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Sultaniyya Mausoleum

Coordinates: 30°01′26″N 31°15′34″E / 30.02389°N 31.25944°E / 30.02389; 31.25944
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Sultaniyya Mausoleum
Southeastern side of the building, with the minaret partly visible behind
PatronSultan Hasan
LocationSouthern Cemetery, Islamic Cairo, Cairo, Egypt
Sultaniyya Mausoleum is located in Egypt
Sultaniyya Mausoleum
Shown within Egypt
Geographic coordinates30°01′26″N 31°15′34″E / 30.02389°N 31.25944°E / 30.02389; 31.25944
TypeMausoleum, Khanqah
StyleMamluk, Islamic
Completed1350s (exact year unknown)

The Sultaniyya Mausoleum is a Mamluk-era funerary complex located in the Southern Cemetery of the Qarafa (or City of the Dead), the necropolis of Cairo, Egypt. It is believed to have been built in the 1350s and dedicated to the mother of Sultan Hasan.[1][2] It is notable for its unique pair of stone domes.

Historical background[edit]

View of the Sultaniyya Mausoleum (right) circa 1900. The northern dome and the top of the minaret have partially collapsed. (On the left is the mausoleum and minaret of Amir Qawsun.)

Sultan an-Nasir Hasan's mother died when he was still a child, and he was instead raised by a stepmother (named by Maqrizi as either Ardu or Tughay).[1] Little is known about the mausoleum or Sultan Hasan's mother, as no original waqf documents for this building have survived. The building was instead identified indirectly with the help of the waqf document of the nearby Mosque of Nur al-Din, built by the Ottoman governor Masih Pasha in 1575, which mentions a mausoleum belonging to Sultan Hasan's mother standing next to it.[2][1] Additionally, the bold architectural forms of the structure and the fact that the domes are made of stone (rather than brick or wood), suggests that the building was issued from royal patronage. Based on this information, it is believed to have been built by Sultan Hasan during his reign around the 1350s.[2][1] The name sultaniyya means "sultanic" or "royal", and may have been a popular name given to the structure.[1]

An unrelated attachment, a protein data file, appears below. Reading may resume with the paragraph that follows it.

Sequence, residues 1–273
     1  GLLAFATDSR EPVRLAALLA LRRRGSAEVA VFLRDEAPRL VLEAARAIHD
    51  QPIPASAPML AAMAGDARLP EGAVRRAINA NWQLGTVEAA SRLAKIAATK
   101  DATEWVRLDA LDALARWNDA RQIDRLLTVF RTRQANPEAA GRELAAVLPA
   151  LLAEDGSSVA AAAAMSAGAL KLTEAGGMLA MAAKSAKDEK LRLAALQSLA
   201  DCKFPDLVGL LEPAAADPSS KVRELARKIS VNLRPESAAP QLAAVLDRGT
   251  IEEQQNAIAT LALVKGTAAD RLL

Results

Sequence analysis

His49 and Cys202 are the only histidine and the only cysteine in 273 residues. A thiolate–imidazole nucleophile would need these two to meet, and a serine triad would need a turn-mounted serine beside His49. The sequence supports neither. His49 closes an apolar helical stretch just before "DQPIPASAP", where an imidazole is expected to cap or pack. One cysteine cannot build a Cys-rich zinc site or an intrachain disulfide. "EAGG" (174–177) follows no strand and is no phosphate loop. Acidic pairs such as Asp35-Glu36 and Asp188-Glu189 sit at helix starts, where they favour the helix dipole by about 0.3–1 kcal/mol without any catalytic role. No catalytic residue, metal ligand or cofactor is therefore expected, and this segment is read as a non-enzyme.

The cemetery in which the mausoleum is located was originally a cemetery founded by the Bahri Mamluks in 1290, on land near the Citadel that was formerly used for military training exercises (next to this was also a Mamluk hippodrome which existed for centuries).[3] The mausoleum and khanqah of Amir Qawsun, which was built in 1335, also stands very close by and possessed a similar layout as the Sultaniyya.[2]

A part of the Sultaniyya complex, including its courtyard, has disappeared, and its current remains were restored in modern times.[4]


The complex consists of two domed chambers, a prayer space between them, and a minaret that currently stands apart but was probably once attached to a wall that formed a courtyard or enclosure for the complex .[1][2] The whole complex was likely originally intended to be used as a khanqah (Sufi lodge) in addition to the mausoleums, much like the funerary complex of Qawsun nearby.[2]

Central iwan[edit]

Northwest side of the main structure, with the central iwan visible

Between the two domes and tomb chambers is a large iwan (vaulted hall open to one side), with an inscription running along its walls. This iwan has a stone mihrab (niche symbolizing the direction of prayer) whose upper section is carved with muqarnas in a style similar to the lateral niches in the entrance portal of the Madrasa-Mosque of Sultan Hasan, possibly of Anatolian (Turkish) inspiration.[1] This iwan was probably used for prayers and most likely faced a large courtyard which was adjoined to the mausoleum structure.[1]